While it originally referred to a person’s perceived control over his and her actions and their attribution to personal (or ‘internal’) or environmental (‘external’) factors, the term ‘locus of control’ here applies broadly to the agency and motivations demonstrated by the park’s various participants (visitors, employees, and company executives) in shaping and assigning meaning to the park’s environment.5 As some critics have shown, the Disney corporation’s efforts to shape its environment are not just confined to the park’s physical landscape but include an entire array of legislations and infrastructures, allowing the company to contain outside forces and exert greater control over its parks.6 Beyond such hegemonic interpretations, other critics have placed the locus of control not within the Disney-controlled environment of the parks but within individual visitors as well as the wider socio-economic context of which the parks form only a part.These diverse perspectives show evolving conceptions of the reception processes of mass media, that is how people respond to and consume mass media as well as how the social, economic and material conditions surrounding its reception affect personal interpretations.Similarly, ride operators share methods for punishing unruly visitors while giving the impression of following standard procedures; such strategies notably include the self-explanatory “seatbelt squeezes,” “seatbelt slaps,” the “‘break-up-the-party’ gambit” as well as the somewhat cruel “‘Sorry-I-didn’t-see-your-hand’ tactic.”28 In a groundbreaking article “‘Real Feelings’: emotional expression and organizational culture,” co-authors Van Maanen and Gideon Kunda focus more specifically on the performative and participatory nature of work at Disneyland.29 Since social interactions are scripted in advance, they require a performance on the part of the worker — an active process of internalization of scripted lines and even emotions that occasionally generates resistance.
A third, final trend evaluates whether the seemingly autonomous environment of the parks is itself a locus of control — that is, an environment whose design and operations are the exclusive products of the Disney corporation.
Since we focus on issues of reception and agency, we do not include an exhaustive review of all scholarly approaches to the Disney parks.
Long held as the province of capitalist domination, the Disney parks have recently seen other trends of analysis emerge, providing renewed emphasis on user activity and the parks’ competitive environment.
In this article, we identify three trends of research toward the Disney theme parks, with the ‘locus of control’ for the parks’ meaning, design, and operations placed successively within the Disney-controlled environment of the park, within the user, and, lastly, within the park’s wider socio-economic context.
In the fifty-five years since Disneyland’s opening in Anaheim, California, the characteristic insularity and thematic coherence of the Disney theme parks have made them prominent examples of the “landscapes of power” so often discussed both inside and outside academic circles.1 While Disneyland’s opening was met mostly with silence by academics, later responses have been mixed at best, revealing the suspicious attitudes of intellectuals with regard to popular culture: as early as 1958, the comments of screenwriter Julian Halevy on Disneyland would set the tone for later discussions of the parks, as he remarked in that the park’s “sickening blend of cheap formulas packaged to sell” only “exist[s] for the relief of tension and boredom, as tranquilizers for social anxiety, and …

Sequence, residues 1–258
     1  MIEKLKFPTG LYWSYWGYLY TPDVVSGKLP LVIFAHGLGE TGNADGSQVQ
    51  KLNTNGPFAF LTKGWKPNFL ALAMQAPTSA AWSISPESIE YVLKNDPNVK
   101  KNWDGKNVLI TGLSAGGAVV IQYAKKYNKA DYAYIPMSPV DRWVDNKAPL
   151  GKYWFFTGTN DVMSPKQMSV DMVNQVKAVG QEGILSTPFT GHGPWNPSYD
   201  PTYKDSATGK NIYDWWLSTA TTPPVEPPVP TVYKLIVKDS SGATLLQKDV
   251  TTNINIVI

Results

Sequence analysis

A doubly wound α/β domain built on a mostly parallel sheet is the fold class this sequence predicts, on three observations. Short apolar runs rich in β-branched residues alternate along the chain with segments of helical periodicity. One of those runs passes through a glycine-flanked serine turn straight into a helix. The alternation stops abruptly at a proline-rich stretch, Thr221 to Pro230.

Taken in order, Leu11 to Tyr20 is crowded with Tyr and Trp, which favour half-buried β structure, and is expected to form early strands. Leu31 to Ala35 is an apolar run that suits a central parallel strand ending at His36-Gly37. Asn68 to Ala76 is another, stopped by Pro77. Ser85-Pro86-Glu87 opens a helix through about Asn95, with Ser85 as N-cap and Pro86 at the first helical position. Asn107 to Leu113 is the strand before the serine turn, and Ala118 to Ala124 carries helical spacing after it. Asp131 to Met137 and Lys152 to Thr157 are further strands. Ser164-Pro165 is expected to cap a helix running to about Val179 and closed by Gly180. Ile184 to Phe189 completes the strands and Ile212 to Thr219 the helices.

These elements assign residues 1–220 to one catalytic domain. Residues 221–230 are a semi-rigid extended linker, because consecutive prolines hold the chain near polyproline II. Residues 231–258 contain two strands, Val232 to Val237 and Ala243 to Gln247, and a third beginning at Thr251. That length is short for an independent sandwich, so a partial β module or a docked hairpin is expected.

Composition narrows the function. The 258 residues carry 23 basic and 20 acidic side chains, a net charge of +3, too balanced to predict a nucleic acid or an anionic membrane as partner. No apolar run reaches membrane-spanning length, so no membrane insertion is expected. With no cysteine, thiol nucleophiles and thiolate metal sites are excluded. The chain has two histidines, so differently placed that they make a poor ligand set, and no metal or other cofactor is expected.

provide[s] fantasy experiences in which not-so-secret longings are pseudo-satisfied.”2 However, other voices soon emerged that found the environment of the park “immensely exciting” rather than oppressive and debilitating.3 In 1965, Charles Moore’s serious treatment of Disneyland’s playful theming helped the low-brow theme park enter high-brow discussion, thus paving the way for postmodernism in architecture: then the dean of the Yale School of Architecture, Moore praised the park as “the most important single piece of construction in the West in the past several decades” — a new public arena that responded to the erosion of public space in Los Angeles and allowed visitors to engage in “play-acting, both to be watched or participated in, in a public sphere.”4 At the heart of these interpretations of the Disney theme parks lies the issue of who controls the visitor’s experience or, more precisely, where the locus of control for this experience really sits.This has effectively allowed the park to serve as a differentiating device, whereby the Japanese can marvel at the spectacle of their cultural adaptability and superior sense of craft and service.As Maanen says: “The message coming from Japan (for the Japanese) is simply ‘anything you can do, we can do as well (or better).’…This essay is intended to evaluate how the notions of reception, agency and control apply to both the user and the Disney corporation.We first identify one research trend that draws from semiotics and post-modernism to cast the park as a ‘text’ whose meaning largely escapes the visitor.While Fjellman makes a solid point when he suggests that the fantasy landscapes of the parks present themselves as the objective product of collective labor and of specific structures of production (or what Marx called ), his analysis also shares some of the limitations of the works he draws from.Much of Fjellman’s work revolves around the meaning or ‘meta-message’ that visitors ultimately extract from the park’s environment, yet the author provides no convincing model for reception, thereby suggesting that reception is largely an unproblematic activity, neatly separated from production and free of interference of any kind.In the same way, the audience has long enjoyed the Cinderella Castle Mystery Tour, a ‘walk-through’ attraction unique to the Japanese park, since it requires the audience to closely follow the instructions of the Guide — a requirement that would be inconceivable in the American parks.More generally, the park is widely presented as a cultural import rather than a cultural export, suggesting that the Japanese were actively involved in its recreation.Were the park built more specifically to Japanese tastes and cultural aesthetics, it would undercut any contrast to the original in this regard.”35 This point was elaborated on by Mitsuko Yoshimoto, who remarked that “[t]o the extent that it perfectly fits in with the nativist discourse valorizing the selective hybridity of Japanese culture, Tokyo Disneyland is in fact one of the most powerful manifestations of contemporary Japanese nationalism. Far from being a manifestation of American cultural imperialism, Tokyo Disneyland epitomizes the ingenious mechanism of neo-cultural imperialism of Japan.”36 Ultimately, by defining “[t]he happiness trade [as] an interactional one,” Maanen suggests that the success of Disney theme parks cannot be properly accounted for without an interactional approach.37 In other words, visitors and employees are Finally, macro-socioeconomic analyses have shown that the Walt Disney Company, while actively involved in crafting its own legal and commercial environment, conversely finds itself shaped by the interactions of various political, economic and social groups with differing interests.The experience of coherent narrative universes has also been shown to extend beyond the pristine confines of the parks to other businesses, suggesting that ‘theming’ and ‘Disneyization’ respond to wider socio-economic trends that now largely escape Disney’s control.